Can you, or anyone else, point me to any Oracle reference describing running "recover database" on an aborted instance to prepare a good backup?

6/20/2006 8:23 AM  
Blogger Eric S. Emrick said...

Hi Greg,

There are many things that Oracle does not openly certify with regard to backup and recovery - just too many scenarios. However, rest assured that issuing a "recover database" against a database that has had all of its instances "aborted" is a perfectly legitimate means to prepare a backup. You can dump the file headers after the "recover database" command and you will notice that each online file has a consistent status (0x0). There is no difference between the states of these files and those of files, say, after a cancel based recovery. Both scenarios yield consistent files that can be used for "more" recovery. I suppose the first question is "why doesn't Oracle think the file is fuzzy when the RECOVER DATABASE command is given?" It does if you simply backup an online file without putting it into backup mode and try to restore and recover it, right? The difference here is that the control file used for recovery is the current control file. Consequently, there aren't any checkpoint discrepancies between the control file records and the corresponding data file headers. Perform your own restore/recovery scenarios using small test databases. My biggest apprehension with EMC consistent splits was the consistent split technology. However, to date I have not had any issues with recovering databases using backups taken from consistently split BCVs or Clones.

6/20/2006 7:47 PM  
Anonymous Anonymous said...

What are your thoughts/experiences for point in time recovery and the consistency of the instance using this approach

12/01/2006 9:15 AM  
Blogger Eric S. Emrick said...

Anonymous said...

What are your thoughts/experiences for point in time recovery and the consistency of the instance using this approach

Eric said...

Once the consistent split has completed and the recover database command has been issued against the database(s) on the BCV/Clone, the mechanics to perform PIT recovery to a future date are simple. Now, after you backup your database(s) on the target device it can be subsequently restore and used for PIT recovery. However, the the restored control file will be a "current" control file in relation to the data files restored. To roll forward this database to some point in time in the future you need to "classify" the control file as a backup control file. This is easily accomplished by issuing the "RECOVER DATABASE...USING BACKUP CONTROLFILE"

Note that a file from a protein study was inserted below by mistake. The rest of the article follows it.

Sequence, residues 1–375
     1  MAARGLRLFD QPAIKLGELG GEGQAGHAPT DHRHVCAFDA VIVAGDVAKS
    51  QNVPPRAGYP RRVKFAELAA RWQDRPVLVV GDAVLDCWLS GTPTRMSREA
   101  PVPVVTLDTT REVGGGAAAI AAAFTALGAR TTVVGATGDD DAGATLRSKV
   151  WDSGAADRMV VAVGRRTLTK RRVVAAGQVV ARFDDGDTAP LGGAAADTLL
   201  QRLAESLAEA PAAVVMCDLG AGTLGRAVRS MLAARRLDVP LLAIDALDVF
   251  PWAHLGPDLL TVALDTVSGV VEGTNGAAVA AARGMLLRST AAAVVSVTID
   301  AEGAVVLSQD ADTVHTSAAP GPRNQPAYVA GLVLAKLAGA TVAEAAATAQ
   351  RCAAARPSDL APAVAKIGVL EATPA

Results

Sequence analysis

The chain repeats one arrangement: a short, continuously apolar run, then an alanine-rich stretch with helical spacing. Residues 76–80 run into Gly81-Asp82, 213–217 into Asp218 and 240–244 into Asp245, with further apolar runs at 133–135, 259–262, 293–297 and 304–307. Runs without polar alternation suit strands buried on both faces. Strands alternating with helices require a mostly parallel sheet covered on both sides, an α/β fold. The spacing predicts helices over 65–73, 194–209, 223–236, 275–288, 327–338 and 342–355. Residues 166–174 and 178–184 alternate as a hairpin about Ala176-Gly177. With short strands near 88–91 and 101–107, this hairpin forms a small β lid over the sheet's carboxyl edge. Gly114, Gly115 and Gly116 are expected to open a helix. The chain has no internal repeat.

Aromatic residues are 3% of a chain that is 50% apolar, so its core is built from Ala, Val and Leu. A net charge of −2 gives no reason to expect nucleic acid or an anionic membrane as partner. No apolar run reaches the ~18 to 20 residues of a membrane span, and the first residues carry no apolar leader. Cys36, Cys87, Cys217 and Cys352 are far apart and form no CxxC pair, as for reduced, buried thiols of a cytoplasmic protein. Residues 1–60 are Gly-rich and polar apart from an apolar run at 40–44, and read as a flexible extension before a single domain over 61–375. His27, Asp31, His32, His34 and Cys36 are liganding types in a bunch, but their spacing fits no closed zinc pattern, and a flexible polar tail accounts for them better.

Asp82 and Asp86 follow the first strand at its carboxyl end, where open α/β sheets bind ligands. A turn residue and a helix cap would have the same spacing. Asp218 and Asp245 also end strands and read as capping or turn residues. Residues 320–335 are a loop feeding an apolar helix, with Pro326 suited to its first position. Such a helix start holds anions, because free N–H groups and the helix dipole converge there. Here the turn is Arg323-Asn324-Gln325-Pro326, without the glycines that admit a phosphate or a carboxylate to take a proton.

I hope this helps.

12/03/2006 3:08 PM  
Anonymous Anonymous said...

hi eric,
first thanks for nice blog.it realy helps a lot.

1. we are doing a test phase with bcv backup (xp1024). now we split it. and give it to another machine. on that machine i have asm instance and db instance. now i want to up the database.by the way i am taking archivelog backup every 5 min to rman catalog.

its a test phase i am working with it.
second thing is which is one is good suspend the database before splitting or put in backup mode?? plz explian this things in details.

3/06/2007 5:31 PM  
Blogger Narendran said...

HI
I would like to know which backup mode is good..etc using TimeFinder solution with hotbackup or just TimeFinder solution with out hotbackup mode?

9/11/2007 4:06 PM  
Blogger Narendran said...

HI
I would like to know which backup mode is good..etc using TimeFinder solution with hotbackup or just TimeFinder solution with out hotbackup mode?

9/11/2007 4:07 PM  
Blogger Narendran said...

HI
I would like to know which backup mode is good..etc using TimeFinder solution with hotbackup or just TimeFinder solution with out hotbackup mode?

9/11/2007 4:07 PM